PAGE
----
Monday, July 13, 2015
Pistachio and Raspberry Financiers
Financiers were once described to me as little tea cakes. And when they were, I conjured up the image of a proper English tea time with elderly woman wearing big hats sipping Earl Gray from floral printed cups all while sitting next to tiered trays of several different types of these tea cakes.
It seemed so elegant--and I imagine that that image actually comes to fruition some where in the world--or at least at one point in time it did.
And even if it doesn't today it doesn't change the fact that, still, there is something elegant and quaint about financiers.
They're not ornate or ostentatious by being garnished with piped frosting or layered with different types of mousse. It's just the cake and any flavor added to the batter by way of nuts or fruit. Nothing is overly embellished and everything about them is restrained--but not dull.
So simple that I can't seem to find anymore words to write about them--albeit a few notes/words of advice.
Financiers are usually baked in little rectangular loaf-like pans--which I happen to own. If you don't, it's not uncommon to use mini muffin/cupcake pans, which the author (Dorie Greenspan) of this recipe points out. That said, the recipe baking times may differ a bit depending on which type of mold you use--so you'll need to keep any eye out for that. I have another recipe that specifies the financier molds I have so I referenced that for the baking time and tested it out a bit on my first batch. Initially, the first batch seemed a bit over-baked. I felt like they were a bit too crunchy on the outside edges. So, I reduced the baking time for the next few batches and that seemed to allay that issue. However, during the next few days--while being stored in an air tight container--the financiers seemed to soften up a bit and their texture was even more cake-like--which pleased me. I've read from other recipes that financiers are best the day they are baked and then a few days after. I completely disagree with this. I think they taste even better as they age a bit---I mean I'm not talking anymore than a week--but after a few days I think they taste even better--in fact I happen to think this about a lot of desserts that aren't deep fried. But anyway, contrary to what most recipes state I think these will keep great for up to a week in an air tight container--and at room temperature.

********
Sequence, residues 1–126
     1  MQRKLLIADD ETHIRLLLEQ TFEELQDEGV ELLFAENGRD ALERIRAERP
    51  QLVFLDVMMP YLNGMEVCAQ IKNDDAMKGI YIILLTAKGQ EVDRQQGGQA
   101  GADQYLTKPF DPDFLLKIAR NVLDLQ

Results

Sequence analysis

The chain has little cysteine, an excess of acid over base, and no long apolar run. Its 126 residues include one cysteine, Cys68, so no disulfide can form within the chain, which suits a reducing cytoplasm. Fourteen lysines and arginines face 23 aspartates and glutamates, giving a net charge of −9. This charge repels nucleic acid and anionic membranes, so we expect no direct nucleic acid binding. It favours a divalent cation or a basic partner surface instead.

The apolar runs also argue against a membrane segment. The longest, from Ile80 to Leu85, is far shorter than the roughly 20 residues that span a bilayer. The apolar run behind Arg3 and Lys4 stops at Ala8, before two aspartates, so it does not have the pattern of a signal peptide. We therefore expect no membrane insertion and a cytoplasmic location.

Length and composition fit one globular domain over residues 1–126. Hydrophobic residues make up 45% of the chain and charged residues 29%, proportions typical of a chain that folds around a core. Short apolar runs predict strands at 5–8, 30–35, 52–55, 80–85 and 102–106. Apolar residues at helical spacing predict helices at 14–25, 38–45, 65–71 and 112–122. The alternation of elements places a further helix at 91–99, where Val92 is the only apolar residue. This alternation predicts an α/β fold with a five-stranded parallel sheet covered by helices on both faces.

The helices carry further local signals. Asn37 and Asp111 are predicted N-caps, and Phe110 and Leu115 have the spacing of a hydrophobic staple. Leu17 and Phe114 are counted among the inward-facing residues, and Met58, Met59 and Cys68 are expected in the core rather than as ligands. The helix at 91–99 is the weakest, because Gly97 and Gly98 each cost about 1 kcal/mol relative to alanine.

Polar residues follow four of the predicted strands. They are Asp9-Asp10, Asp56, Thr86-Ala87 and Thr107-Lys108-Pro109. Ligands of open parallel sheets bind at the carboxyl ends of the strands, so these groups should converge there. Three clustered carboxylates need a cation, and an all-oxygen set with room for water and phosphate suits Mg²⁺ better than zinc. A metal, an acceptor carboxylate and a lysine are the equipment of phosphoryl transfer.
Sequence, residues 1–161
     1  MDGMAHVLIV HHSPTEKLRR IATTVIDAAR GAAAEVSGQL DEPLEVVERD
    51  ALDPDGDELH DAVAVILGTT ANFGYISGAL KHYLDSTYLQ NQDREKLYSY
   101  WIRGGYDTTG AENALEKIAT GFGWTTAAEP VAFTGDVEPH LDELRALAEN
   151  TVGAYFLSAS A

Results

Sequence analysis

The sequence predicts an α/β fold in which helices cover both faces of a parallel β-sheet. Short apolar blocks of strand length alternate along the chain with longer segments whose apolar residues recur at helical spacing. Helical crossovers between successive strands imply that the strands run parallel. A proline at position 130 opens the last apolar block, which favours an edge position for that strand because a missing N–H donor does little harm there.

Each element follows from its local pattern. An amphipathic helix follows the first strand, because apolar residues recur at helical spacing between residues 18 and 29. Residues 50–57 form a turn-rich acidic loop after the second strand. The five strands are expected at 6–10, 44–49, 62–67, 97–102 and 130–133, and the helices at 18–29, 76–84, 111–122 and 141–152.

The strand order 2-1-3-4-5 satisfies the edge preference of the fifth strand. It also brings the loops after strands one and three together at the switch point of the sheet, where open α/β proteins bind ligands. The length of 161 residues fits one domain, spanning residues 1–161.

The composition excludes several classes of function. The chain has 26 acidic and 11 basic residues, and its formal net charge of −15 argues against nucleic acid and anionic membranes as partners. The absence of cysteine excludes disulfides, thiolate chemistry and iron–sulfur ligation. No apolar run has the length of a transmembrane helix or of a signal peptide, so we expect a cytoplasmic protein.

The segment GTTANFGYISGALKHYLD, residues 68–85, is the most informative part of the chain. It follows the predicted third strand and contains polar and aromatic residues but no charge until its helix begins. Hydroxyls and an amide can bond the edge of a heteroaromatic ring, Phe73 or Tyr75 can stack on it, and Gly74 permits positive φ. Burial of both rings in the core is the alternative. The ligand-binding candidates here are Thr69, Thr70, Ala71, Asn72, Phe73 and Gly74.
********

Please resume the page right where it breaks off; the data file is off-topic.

Recipe slightly adapted from Baking Chez Moi by Dorie Greenspan
170g (12 T) unsalted butter
180g (+/- 6 large eggs) egg whites
99g (3/4c) roasted and salted shelled pistachios
200g (1c) granulated sugar
90g (2/3c) all-purpose flour
pinch of sea salt
123g (1c) fresh raspberries
Place the egg whites in a small bowl and using a fork or a small whisk, whisk the whites just until they are broken up and then set them aside. Next, using a small saucepan melt the butter over medium heat--whisking often so you don't let any of the butter burn. Essentially you're browning the butter--although Dorie Greenspan doesn't specifically state that. She states to melt the butter until it just about turns a "pale golden" brown color. So, I guess you're slightly browning it. Anyway, once it just starts to brown remove it from the heat and pour it into a measuring cup and set it aside. Then, take the shelled pistachios and place them in the bowl of a food processor. Pulse the pistachios until they are a course grind--be careful not to over-process them or else you might form an oily paste. Add the flour, sugar and salt to the ground pistachios and pulse until they are well combined with the pistachios. Next, pour the mixture from the food processor bowl into a clean medium sized bowl. Pour the egg whites into the dry ingredients and whisk gently just until fully combined. Lastly, slowly pour the butter mixture into the egg white mixture and whisk just until combined. I poured the butter mixture in incrementally--so I poured a little in and whisked it just until combined and continued doing that until I poured all of it in. Once all of the butter is mixed in, place a piece of plastic wrap directly over the batter and refrigerate the batter for a least 8 hours or overnight. Once the batter has been chilled, butter your molds (I used 3 1/4 inch by 1 3/4 inch rectangular molds) and then place them on a baking sheet and into the fridge to chill. Then, preheat the oven to 350 degrees F. Divide the batter evenly between the molds (about 25g or 1 1/2T for each rectangular mold). Place at least one raspberry in the middle of the batter of each financier mold. Then, bake the financiers for about 17-20 minutes. As I mentioned previously, I had to lower my baking time and that time ended up being 17 minutes. Once the financiers are done--they should be springy when you lightly touch the top of one--remove them from the oven and immediately remove them from the mold and let cool completely on a cooling rack. Store the cooled financiers for up to a week in an air tight container.